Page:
Client perspectives on choice of abortion method in England and Wales

Rebecca Blaylock, Shelly Makleff, Katherine Whitehouse, Patricia Lohr

Research output: Contribution to journalArticleResearchpeer-review


Introduction The National Institute for Health and Care Excellence, the Royal College of Obstetricians and Gynaecologists and the World Health Organization recommend that services provide a choice between medical and surgical methods of abortion. We analysed qualitative study data to examine patient perspectives on abortion method choice and barriers to meeting them.

Methods In-depth interviews with 24 clients who had an abortion at British Pregnancy Advisory Service clinics were carried out between December 2018 and July 2019 to examine perspectives of quality of abortion care. In this article we focus on client perspectives on choice of abortion method. We performed thematic analysis of data relating to choice of abortion method, refined the analysis, interpreted the findings, and organised the data into themes.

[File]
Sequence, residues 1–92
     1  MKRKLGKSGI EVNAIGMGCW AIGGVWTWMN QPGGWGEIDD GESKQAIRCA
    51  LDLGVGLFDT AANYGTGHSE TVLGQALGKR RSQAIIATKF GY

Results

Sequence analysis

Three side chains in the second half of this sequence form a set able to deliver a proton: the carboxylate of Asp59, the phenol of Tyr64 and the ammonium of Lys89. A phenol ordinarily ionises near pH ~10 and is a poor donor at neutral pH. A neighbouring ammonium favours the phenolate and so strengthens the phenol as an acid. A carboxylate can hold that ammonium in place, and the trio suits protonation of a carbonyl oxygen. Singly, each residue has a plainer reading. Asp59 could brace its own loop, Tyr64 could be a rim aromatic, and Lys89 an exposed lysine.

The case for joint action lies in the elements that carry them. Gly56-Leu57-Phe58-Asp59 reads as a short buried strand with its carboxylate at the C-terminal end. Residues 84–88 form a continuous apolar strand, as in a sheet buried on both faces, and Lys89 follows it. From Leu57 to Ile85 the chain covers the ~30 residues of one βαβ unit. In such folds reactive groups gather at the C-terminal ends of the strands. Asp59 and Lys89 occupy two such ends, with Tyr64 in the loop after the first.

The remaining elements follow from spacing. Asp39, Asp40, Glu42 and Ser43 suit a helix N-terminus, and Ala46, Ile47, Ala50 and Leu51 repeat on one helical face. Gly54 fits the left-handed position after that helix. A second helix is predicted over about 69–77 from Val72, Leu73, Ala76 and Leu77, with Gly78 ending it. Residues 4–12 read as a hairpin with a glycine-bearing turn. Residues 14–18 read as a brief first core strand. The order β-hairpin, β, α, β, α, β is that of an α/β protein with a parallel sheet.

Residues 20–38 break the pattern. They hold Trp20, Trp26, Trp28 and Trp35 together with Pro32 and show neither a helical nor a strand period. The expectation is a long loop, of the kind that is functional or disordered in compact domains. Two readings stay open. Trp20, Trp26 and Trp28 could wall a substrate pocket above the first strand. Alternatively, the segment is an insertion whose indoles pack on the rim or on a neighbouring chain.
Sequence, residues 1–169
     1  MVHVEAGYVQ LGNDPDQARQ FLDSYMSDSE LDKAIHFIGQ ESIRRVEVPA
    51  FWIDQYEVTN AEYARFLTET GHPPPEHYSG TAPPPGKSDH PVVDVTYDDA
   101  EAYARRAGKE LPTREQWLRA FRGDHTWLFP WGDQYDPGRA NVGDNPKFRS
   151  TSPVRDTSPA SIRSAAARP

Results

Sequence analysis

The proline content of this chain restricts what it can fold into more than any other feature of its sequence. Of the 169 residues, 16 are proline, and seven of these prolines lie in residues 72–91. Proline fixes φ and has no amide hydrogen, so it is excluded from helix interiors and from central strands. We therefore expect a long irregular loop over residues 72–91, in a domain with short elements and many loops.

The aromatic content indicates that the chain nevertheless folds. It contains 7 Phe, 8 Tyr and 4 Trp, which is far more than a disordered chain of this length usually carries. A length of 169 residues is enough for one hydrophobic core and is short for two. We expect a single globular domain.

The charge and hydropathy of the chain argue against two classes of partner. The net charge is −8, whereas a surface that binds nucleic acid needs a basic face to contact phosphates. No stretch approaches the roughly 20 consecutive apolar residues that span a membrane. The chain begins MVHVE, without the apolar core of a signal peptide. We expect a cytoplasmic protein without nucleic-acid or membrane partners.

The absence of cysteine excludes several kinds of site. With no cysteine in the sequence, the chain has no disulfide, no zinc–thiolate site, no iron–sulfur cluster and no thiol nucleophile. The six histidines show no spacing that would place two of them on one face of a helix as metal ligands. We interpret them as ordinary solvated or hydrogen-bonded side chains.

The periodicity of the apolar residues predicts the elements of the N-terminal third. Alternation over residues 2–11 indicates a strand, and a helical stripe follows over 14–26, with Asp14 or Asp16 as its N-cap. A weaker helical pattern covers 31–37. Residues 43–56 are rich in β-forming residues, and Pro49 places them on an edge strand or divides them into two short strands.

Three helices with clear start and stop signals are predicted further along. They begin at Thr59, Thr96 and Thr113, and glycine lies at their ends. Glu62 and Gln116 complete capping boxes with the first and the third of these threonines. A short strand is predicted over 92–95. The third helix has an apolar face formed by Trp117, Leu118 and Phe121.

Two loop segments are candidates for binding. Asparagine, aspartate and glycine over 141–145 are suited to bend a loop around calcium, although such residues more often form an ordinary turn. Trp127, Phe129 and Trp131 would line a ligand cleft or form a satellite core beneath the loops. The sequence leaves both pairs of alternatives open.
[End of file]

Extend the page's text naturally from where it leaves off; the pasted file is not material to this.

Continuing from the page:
Results Participants’ preferences for abortion method were shaped by prior experience of abortion, accessibility and privacy, perceptions of risk and experiences of abortion method, and information gathering and counselling. Participants’ ability to obtain their preferred method was impacted by intersecting constraints such as appointment availability, service location and gestational age.

Conclusions Our findings show that many factors shape participants’ preferences for abortion method. In response to the COVID-19 pandemic, some abortion services have constrained abortion method choices, with an emphasis on medical abortion and ‘no-touch’ care. Providers in the UK and beyond should aim to restore and expand more treatment options when the situation allows.
Original languageEnglish
Number of pages6
JournalBMJ Sexual & Reproductive Health
Publication statusAccepted/In press - 2021

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